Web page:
Great whites use stored liver oil to power through ocean “road trips”

18 Jul
This is a juvenile great white shark at the Monterey Bay Aquarium. (Credit: Randy Wilder)

This is a juvenile great white shark at the Monterey Bay Aquarium. (Credit: Randy Wilder)

Bears, sea lions and whales rely on their external blubber to power through hibernations and migrations.

For them, a little extra flab is crucial to their survival.

Would a Great white shark be so intimidating if it was a little overweight? Probably not. It may instead get the stigma of a cop eating a doughnut with his mouth open.

But, like other large megafauna, Great whites migrate thousands of miles across the Pacific ocean  without eating much, and their lean physiques have puzzled scientists.

Where is the fat to fuel the trip stored?

A new study by scientists at Stanford University and the Monterey Bay Aquarium found that instead of storing fat externally, Great white’s instead store the fat in their liver, discounting the previous notion that the sharks would periodically dine throughout the voyage.

“We have a glimpse now of how white sharks come in from nutrient-poor areas offshore, feed where elephant seal populations are expanding – much like going to an Outback Steakhouse – and store the energy in their livers so they can move offshore again,” researcher Barbara Block, a professor of marine sciences and a senior fellow at the Stanford Woods Institute for the Environment, said. “It helps us understand how important their near-shore habitats are as fueling stations for their entire life history.”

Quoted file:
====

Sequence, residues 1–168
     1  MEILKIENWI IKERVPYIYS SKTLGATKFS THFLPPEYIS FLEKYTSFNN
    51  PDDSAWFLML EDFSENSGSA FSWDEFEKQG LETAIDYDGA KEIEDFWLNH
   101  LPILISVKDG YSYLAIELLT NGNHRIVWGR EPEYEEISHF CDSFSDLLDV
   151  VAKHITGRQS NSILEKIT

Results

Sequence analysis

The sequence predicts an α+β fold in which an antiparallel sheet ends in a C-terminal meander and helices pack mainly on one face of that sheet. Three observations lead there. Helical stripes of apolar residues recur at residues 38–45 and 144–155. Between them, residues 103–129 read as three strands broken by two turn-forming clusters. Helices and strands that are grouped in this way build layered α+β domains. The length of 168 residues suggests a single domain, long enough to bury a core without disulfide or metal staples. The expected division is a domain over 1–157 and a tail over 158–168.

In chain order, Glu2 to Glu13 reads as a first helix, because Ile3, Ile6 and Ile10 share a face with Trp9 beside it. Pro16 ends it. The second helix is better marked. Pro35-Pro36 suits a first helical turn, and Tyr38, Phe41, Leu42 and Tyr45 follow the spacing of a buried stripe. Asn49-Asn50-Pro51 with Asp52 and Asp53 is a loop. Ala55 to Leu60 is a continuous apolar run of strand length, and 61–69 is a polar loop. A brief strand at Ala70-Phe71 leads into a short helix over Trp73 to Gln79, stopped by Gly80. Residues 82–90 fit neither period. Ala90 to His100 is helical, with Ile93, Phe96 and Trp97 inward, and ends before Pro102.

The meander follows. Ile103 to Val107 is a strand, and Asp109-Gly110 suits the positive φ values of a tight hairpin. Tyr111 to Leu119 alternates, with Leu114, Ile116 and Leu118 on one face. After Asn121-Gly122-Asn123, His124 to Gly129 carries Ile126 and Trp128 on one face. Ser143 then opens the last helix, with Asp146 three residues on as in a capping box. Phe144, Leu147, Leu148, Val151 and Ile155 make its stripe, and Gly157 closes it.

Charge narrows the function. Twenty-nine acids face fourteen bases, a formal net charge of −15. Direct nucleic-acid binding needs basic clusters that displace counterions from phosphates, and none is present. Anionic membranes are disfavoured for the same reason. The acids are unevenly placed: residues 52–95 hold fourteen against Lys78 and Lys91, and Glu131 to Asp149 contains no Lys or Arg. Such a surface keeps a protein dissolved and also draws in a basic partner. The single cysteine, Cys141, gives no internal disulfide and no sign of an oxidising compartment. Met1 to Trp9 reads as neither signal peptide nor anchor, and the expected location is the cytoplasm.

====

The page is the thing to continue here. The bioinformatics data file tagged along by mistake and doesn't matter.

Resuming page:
The study also revealed that the fat, which is converted into oil in the liver, affects the buoyancy of the shark. As the sharks gained body mass, they also gained buoyancy and, over the course of their migration their buoyancy slowly decreased. The energy being used to fuel the trip was oil stored in the liver and not gained from quick meals along the way.

“Sharks face an interesting dilemma,” Sal Jorgensen, a research scientist at the Monterey Bay Aquarium, said. “They carry a huge store of energy in the form of oil in their massive livers, but they also depend on that volume of oil for buoyancy. So, if they draw on those reserves, they become heavier and heavier.”

The authors of the study say that the findings reveal more than just the biology of these creatures. The results show  that the meals they eat near shore before their migration is crucial to their survival. They say conservation efforts should include the coastal “buffets”–not only for sharks but also other sea creatures that rely on high calorie meals for migrations.

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One Response to “Great whites use stored liver oil to power through ocean “road trips””

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  1. Editor’s picks for 2013 | Layman's Terms Media - December 2, 2013

    […] Great whites use stored liver oil to power through ocean “road trips”: Bears, sea lions and whales rely on their external blubber to power through hibernations and migrations. For them, a little extra flab is crucial to their survival.—> Continue reading […]

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